Old ideas about age

PUBLISHED : Thursday, 04 November, 2010, 12:00am
UPDATED : Thursday, 04 November, 2010, 12:00am

When I was young, I thought experience was overrated. I thought clear-sighted analysis, energy and 'pure reason' were much more important. It took a long time, but I now think there's a need for both. For example, people who have been through booms and busts know one will follow the other; younger people tend to expect booms to continue forever.

I'm not sure, though, that experience is taken into account when people speak of 'working-age population'. They're using a definition that has gone unexamined for decades - they're slaves of some defunct demographer. These thoughts may be relevant when considering China's demographic transition. The numbers boggle the mind. So far, they have been mostly numbers that China could cheer about. But the numbers could get ugly.

The term 'demographic transition' means population changes that occur when a country emerges from a pre-industrial state. First, death rates are cut by better public health care and cures for diseases. Second, adults bear fewer children because of their higher survival rate. Step two doesn't immediately follow step one; hence, a bubble of surviving children works its way through the population, taking three generations or more to emerge.

Before the transition began in China, infectious disease was so rampant and survivors to advanced age so few that, in 1963, 42.3 per cent of all deaths occurred in the 0-4 age group. Only 34.8 per cent of deaths were among those over 50. By 1975, the transition had kicked in. Deaths in the younger age group dropped to 14.3 per cent; and increased in the older group to 67.3 per cent. The median age at death increased from 9.6 in 1963 to 63.2 in 1975.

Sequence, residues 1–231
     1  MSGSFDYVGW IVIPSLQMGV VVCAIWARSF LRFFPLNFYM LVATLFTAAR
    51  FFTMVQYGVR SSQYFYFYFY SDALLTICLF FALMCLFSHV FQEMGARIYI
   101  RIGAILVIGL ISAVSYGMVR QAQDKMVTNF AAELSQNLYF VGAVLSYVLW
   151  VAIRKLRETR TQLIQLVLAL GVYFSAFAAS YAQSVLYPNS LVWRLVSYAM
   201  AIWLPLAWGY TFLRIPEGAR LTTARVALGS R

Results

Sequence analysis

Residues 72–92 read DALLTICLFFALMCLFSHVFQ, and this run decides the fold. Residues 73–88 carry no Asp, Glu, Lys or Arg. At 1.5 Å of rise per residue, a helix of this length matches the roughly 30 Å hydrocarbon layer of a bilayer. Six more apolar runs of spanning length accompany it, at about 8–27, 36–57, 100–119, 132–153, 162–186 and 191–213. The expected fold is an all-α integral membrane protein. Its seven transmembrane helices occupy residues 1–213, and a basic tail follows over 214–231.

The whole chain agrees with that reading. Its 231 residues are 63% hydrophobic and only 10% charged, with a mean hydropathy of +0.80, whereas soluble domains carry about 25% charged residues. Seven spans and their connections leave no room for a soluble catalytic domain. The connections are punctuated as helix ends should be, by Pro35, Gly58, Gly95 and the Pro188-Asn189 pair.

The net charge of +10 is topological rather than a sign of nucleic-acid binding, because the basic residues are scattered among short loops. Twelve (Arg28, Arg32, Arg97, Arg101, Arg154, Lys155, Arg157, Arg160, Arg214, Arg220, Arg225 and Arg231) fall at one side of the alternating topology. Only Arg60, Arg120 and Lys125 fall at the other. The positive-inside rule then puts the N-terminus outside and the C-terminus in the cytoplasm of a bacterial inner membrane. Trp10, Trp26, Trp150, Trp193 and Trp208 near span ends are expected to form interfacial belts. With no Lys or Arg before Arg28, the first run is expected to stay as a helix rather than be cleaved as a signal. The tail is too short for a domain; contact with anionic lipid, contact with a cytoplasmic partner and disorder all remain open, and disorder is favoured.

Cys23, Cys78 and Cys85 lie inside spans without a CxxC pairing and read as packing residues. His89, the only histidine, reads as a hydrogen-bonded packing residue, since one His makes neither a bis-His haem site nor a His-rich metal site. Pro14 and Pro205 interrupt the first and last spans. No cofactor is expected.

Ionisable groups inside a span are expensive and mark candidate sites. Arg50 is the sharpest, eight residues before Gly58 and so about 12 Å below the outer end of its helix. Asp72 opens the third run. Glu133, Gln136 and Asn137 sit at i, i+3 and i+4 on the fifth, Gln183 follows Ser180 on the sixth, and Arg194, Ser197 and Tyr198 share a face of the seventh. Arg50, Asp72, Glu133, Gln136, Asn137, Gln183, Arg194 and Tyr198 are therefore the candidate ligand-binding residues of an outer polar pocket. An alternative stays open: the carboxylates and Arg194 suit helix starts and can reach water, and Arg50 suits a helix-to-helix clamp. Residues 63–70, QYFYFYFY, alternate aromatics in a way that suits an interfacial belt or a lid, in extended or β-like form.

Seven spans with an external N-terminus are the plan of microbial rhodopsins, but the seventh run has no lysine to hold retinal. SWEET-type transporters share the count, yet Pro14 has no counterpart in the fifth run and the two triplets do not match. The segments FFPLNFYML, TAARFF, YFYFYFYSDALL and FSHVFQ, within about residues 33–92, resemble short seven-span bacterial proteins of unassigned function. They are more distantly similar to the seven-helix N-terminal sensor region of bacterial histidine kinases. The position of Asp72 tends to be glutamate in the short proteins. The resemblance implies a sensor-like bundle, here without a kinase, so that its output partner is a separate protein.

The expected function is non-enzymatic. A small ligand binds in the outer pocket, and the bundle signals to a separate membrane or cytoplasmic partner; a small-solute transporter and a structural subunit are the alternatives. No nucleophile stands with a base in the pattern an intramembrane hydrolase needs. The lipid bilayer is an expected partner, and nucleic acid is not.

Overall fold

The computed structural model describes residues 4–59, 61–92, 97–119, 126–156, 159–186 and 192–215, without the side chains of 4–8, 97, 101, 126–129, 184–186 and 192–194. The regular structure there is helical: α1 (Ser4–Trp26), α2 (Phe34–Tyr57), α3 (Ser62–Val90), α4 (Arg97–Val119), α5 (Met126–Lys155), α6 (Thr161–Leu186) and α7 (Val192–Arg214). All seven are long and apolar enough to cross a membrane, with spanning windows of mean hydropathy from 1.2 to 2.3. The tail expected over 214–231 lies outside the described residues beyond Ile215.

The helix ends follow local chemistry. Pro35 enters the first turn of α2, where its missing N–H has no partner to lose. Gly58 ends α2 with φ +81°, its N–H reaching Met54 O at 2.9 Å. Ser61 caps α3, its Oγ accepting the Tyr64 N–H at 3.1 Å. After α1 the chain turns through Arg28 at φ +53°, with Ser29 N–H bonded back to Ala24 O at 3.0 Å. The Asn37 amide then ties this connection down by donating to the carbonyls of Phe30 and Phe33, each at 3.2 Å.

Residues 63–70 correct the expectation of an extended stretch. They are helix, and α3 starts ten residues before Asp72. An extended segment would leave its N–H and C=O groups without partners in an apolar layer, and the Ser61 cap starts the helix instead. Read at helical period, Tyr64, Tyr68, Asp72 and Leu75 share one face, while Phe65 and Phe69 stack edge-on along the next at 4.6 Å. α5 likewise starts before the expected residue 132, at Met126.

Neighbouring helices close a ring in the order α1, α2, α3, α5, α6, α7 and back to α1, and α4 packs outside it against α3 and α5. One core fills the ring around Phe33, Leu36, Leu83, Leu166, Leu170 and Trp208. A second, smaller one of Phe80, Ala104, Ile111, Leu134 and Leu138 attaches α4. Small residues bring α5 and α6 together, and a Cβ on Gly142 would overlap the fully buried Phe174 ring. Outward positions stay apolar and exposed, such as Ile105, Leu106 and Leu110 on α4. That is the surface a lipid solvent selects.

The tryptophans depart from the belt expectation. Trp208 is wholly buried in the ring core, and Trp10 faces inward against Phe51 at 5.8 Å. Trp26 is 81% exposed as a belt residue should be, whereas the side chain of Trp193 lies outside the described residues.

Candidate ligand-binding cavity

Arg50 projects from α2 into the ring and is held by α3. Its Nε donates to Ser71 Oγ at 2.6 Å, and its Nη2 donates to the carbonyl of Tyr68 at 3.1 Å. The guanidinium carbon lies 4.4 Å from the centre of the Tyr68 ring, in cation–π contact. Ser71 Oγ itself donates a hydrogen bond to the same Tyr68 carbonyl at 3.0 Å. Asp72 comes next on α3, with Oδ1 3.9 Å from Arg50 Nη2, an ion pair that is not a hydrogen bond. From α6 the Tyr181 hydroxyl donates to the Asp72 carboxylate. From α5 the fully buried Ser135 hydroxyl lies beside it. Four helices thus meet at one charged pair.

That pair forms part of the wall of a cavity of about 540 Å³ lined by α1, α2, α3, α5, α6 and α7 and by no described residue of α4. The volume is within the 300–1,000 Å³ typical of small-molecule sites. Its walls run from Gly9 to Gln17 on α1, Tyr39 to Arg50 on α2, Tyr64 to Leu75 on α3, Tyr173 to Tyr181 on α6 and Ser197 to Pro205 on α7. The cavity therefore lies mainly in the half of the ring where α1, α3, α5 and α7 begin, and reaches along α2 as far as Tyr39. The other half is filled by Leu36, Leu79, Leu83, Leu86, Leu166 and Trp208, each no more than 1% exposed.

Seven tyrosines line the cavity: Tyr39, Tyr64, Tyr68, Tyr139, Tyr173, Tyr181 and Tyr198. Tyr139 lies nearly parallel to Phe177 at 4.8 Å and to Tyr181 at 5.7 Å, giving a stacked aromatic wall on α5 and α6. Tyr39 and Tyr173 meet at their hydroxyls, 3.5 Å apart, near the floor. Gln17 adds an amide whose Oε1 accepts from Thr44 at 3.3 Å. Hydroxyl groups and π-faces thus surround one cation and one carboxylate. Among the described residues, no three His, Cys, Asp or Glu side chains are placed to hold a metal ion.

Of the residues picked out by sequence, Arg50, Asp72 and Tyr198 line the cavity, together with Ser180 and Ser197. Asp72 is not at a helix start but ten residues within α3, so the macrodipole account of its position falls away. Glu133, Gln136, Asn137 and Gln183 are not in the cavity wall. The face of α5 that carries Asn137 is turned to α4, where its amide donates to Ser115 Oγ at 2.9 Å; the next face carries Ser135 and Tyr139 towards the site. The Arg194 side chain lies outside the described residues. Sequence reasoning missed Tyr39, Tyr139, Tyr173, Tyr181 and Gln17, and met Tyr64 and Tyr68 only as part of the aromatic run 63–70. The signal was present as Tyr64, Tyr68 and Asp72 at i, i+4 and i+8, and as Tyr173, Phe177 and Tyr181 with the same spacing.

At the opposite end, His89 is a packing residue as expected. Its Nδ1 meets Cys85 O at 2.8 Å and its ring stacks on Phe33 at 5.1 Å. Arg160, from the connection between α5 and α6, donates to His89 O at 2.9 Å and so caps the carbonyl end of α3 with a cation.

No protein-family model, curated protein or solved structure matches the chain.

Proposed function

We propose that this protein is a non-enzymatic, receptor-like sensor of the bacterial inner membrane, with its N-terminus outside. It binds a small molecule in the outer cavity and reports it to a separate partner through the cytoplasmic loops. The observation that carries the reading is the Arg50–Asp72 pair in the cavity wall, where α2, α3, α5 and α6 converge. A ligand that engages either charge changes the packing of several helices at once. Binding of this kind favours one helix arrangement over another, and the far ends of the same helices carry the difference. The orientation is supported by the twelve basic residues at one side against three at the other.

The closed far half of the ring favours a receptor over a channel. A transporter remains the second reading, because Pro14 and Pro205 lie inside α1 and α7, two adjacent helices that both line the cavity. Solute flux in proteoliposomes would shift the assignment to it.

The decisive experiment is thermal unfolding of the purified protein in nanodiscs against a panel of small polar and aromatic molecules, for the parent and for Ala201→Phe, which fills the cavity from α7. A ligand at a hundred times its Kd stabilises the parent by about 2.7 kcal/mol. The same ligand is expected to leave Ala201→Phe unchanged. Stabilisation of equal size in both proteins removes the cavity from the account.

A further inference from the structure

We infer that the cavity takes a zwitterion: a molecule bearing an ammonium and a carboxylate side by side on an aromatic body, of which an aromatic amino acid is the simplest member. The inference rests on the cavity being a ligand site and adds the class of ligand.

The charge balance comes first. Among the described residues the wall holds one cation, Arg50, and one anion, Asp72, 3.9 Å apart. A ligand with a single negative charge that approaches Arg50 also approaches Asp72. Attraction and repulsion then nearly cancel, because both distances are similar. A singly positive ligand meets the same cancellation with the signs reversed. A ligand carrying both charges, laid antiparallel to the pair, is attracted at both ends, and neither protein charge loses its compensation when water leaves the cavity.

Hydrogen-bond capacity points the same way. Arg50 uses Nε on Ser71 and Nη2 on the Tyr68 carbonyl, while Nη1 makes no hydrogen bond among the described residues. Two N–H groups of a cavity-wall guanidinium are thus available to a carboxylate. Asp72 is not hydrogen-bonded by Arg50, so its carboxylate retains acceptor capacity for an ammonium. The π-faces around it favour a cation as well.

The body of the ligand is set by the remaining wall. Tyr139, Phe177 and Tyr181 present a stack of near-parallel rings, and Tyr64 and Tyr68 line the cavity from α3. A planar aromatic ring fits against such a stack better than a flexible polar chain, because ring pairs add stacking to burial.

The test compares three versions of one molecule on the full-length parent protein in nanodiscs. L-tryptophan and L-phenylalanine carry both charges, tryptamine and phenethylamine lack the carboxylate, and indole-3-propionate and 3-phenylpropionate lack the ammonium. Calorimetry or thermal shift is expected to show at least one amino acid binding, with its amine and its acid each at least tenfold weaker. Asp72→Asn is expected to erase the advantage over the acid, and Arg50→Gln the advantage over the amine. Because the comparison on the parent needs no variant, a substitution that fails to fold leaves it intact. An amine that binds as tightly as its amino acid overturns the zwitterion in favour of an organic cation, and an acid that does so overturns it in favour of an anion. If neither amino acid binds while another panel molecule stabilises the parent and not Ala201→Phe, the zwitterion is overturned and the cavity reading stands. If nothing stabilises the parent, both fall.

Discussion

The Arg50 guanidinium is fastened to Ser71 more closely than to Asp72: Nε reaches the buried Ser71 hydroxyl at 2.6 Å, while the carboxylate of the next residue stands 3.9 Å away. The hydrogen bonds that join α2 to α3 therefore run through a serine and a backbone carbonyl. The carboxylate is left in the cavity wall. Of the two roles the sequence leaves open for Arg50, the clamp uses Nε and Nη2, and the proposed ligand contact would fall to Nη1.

The stage-two numbers are no less striking. Outside China, countries with 'very low fertility' - fewer than 1.5 births per woman - comprise a population of 506 million. In China, the combined population of provinces with fertility rates below 1.5 is over a billion, twice that of all other countries.

The theory suggests that the demographic transition spurs economic growth. After step one, surplus children are dependent on the working-age population. But, as fertility drops and the bubble of surviving children reaches working age, the dependency ratio falls sharply - freeing the bubble (now working age) to fuel the economy. As the bubble ages, however, it becomes dependent again on the now-younger and smaller (because of lowered fertility) working-age population.

To remedy this situation, analysts recommend either many more immigrants - probably not an option for China - or an immediate increase in the birth rate to recharge the working age cohort. This may be more difficult than lowering the birth rate was in the first place; many low-birth-rate countries have tried to increase birth rates but failed.

This analysis rests on the definition of working age as those from about 15 to 65, with the assumption that technological breakthroughs and entrepreneurial activity tend to come from people in their 20s and 30s. Those energetic twenty-somethings and thirty-somethings need other people in the workforce, too.

In the United States, the retirement age was 65 in the 1950s when life expectancy for men was also 65. Now life expectancy is more than 75, yet the retirement age is only beginning to be raised. Many people 'retire' only to work more actively after retirement - often with more satisfaction - consulting, teaching, writing and engaging in other productive activities. It seems absurd to think of people over 65 as 'dependent' when one considers septuagenarian and octogenarian leaders like Deng Xiaoping, Konrad Adenauer and Winston Churchill.

Future economies must include a role, perhaps a key one, for those beyond what is now thought retirement age - not only so they won't be dependent on the economy, but because the economy may depend on them. A new relationship between the young and entrepreneurial and the old and experienced may be the emerging trend that shapes the future economy.

Michael Edesess is a visiting scholar at Hong Kong University of Science and Technology's Division of Environment